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Updated 16 October 2017

Do more of this and you’ll stop stress-eating

If your job has you frazzled, your waistline might be at risk.

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It’s no surprise that stress sucks for your diet. But even if there’s no end in sight to your mounting work responsibilities, there is one thing you can do to stop the stress from wrecking your waistline: get more sleep, new research from Michigan State University suggests.

In the first experiment, researchers surveyed 125 Chinese information technology employees who regularly experience high workload and feel like they don’t have enough time in the day to get all their stuff done.

In the second experiment, they analysed data from 110 call-centre employees who often report feeling stressed by rude customers.

Read more: Here's how you can sleep with any woman

The findings? When the tech employees felt higher job demands that morning and when the call-centre employees felt more mistreated by their customers, they were both more likely to eat more types of unhealthy food and fewer kinds of healthy food later that night.

But when workers slept better the night before, the stress of their workday didn’t affect their eating habits that much – they tended to make healthier food choices when they felt better rested.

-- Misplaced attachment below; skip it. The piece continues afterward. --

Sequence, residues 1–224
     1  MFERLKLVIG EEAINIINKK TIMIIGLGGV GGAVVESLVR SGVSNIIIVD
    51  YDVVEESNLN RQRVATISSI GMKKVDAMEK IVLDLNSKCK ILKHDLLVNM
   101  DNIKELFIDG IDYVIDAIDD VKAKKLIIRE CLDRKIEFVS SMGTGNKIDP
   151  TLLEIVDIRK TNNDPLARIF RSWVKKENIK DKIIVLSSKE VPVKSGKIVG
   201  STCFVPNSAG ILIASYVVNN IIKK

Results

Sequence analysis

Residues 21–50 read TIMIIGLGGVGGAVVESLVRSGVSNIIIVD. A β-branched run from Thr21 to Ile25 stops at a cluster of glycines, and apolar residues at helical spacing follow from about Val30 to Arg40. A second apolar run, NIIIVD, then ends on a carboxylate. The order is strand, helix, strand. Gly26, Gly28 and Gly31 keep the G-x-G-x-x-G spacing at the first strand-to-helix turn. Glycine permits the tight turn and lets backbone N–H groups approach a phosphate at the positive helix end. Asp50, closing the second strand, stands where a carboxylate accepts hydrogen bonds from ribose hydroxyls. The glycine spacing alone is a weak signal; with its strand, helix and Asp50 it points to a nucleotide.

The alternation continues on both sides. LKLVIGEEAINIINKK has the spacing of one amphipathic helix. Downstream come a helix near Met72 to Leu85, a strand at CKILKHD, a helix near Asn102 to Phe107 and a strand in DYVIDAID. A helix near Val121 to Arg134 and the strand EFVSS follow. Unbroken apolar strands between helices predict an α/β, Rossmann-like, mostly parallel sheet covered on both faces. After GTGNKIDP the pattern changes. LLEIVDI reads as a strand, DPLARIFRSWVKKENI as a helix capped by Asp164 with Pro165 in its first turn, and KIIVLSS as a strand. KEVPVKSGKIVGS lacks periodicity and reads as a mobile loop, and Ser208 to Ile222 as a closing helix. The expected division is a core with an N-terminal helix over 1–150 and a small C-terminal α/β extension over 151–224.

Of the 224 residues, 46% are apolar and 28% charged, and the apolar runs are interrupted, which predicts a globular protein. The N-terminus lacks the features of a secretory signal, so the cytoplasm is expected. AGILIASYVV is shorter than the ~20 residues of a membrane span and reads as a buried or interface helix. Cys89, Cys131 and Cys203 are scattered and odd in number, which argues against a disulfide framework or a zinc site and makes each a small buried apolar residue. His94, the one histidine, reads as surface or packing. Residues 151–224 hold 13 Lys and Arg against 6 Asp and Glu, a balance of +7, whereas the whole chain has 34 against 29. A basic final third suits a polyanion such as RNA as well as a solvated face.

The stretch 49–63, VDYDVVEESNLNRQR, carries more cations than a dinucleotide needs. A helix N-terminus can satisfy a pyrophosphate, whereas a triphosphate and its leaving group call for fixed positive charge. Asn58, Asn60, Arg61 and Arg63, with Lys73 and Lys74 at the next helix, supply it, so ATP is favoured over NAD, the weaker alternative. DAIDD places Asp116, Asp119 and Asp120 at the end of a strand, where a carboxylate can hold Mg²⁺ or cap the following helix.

The researchers believe that sleep protects against the negative effects of stress, since quality shuteye can make you feel more replenished and vigorous.

This makes you better able to deal with stress at work, which leaves you less vulnerable to reach for junk food to make you feel better, they say in a release.

Read more: How many hours should you sleep for healthy sperm?

But if you slept poorly the night before and feel the urge to eat everything in sight when your boss piles on yet another assignment, you need to do some recon now: Ask yourself if you’re truly hungry, suggests Susan Schembre, PhD, RD, an assistant professor of behavioural science at MD Anderson Cancer Centre.

If the answer is no, try to choose an easily-available and pleasurable activity to engage in instead, she suggests.

That might mean taking five minutes to check your favourite meme page or taking a quick walk outside.

This article was originally published on www.mh.co.za

Image credit: iStock

 
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